You admitted in another podcast thread that you don’t listen to them or read, so if you don’t actually want to contribute to the conversation that people had on the podcast, I’d like to ask you to refrain from commenting.

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When I have to wade through 31 pages of transcript to get to any substance at all, no I’m not keen. I did for love on another thread. I really don’t understand just posting links and not propositions, quotes.

This Forum exists primarily to be a discussion/comment board for the content BioLogos publishes, or in other words, for “posting links not propositions.” The fact that bored retired guys can use the forum as their primary social outlet while essentially ignoring everything BioLogos publishes is an unintended side effect.

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Sharper than a hound’s tooth. If I may, that might be the primary motive coming down from the mountain, but it sure as apples isn’t in the discussion/comment coming back up, as in the oesophagus
: ) Shall I quantify that? And my part time workload has increased from 10 (call it 20 easily) to 31 (call it…) hours a week a few weeks ago, so that should limit me. Should…

As I said I waded through a publication recently and my conclusion wasn’t changed one iota. If you insist I’ll wade through this one. And what’s the betting on the iota?

Podcasts did used to include discussion questions, but nobody responded to them. So it became more of an exercise in Return on Investment for the small staff that works on the Forum & also does all other marketing and social media for this organization (me). If people will comment on a podcast because they listened and have their own insights, I don’t need to steer the conversation.

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why do kids have a strict faith doctrine that the children would not even have questions regarding the world in which they reside now that seems a little hard to believe there as Curiosity is healthy, as is asking lots of questions. Both spur development and growth .i am in no way tring to judge your British culture although i do find that parenting theory off base faith is not just expressed in love sorry for bursting your bubble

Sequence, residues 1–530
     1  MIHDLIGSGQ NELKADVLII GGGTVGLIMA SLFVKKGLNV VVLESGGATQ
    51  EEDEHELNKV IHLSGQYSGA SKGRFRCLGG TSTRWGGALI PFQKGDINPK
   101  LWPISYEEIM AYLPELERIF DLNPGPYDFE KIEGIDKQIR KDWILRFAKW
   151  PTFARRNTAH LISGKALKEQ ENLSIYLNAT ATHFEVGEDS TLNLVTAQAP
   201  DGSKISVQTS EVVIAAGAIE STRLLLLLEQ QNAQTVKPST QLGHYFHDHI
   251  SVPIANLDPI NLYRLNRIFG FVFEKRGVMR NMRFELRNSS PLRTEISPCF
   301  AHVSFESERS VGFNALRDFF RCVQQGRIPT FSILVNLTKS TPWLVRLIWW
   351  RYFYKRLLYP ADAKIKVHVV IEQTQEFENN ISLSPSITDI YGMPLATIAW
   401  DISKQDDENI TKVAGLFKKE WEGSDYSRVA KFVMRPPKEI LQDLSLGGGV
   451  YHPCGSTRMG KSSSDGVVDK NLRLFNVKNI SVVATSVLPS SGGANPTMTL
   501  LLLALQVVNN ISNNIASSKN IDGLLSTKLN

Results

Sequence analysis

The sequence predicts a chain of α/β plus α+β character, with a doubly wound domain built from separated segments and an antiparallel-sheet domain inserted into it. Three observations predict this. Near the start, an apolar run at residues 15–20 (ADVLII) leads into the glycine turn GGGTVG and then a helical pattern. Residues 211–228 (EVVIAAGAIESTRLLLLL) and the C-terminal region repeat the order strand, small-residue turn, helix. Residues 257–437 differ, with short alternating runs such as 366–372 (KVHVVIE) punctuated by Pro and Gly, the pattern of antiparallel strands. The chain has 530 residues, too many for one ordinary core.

Lucky you. For many UK Christian churches, YEC is a big deal. Perhaps, not to the extent where it is the fluoride in the drinking water as in some US churches, but it is still there. And yet for many other UK churches, it is no issue at all.

I find one’s perception of what is or isn’t an issue for the UK church is largely dependent on the church tribe one affiliates with. For example, for many of the Christians I work with, social action is a huge priority and evangelism is not, yet for many of those whom I go to church with evangelism is a huge priority and social action is not. But then my colleagues and my fellow church goes are drawn from two very different tribes.

If we want a full picture of the challenges facing the church in the UK (or anywhere else), we’re probably going to have to spend some time in the neighbouring tribes from time to time. If anything, just to remind ourselves that ours isn’t the only tribe.


Honestly I never read any rules when I joined so I didn’t realize and figured not acting a jerk would carry the day. While I sometimes post in response to a podcast or article, I more often post about what I’m reading, creation photos or humor.

Guilty again except for ignoring everything BioLogos publishes. I just joined Senior Forums to check out retired options but almost entirely chit chat or practical. Real discussion is hard to find as is discussion about what you think matters. What to do?

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Don’t have to wade but also don’t have to post off topic in a thread you aren’t interested to know more about except second hand. Neither should anyone who is interested have to wade through offhand remarks about how you feel about what you suppose it is about.

You’re giving the retired guys a bad rap.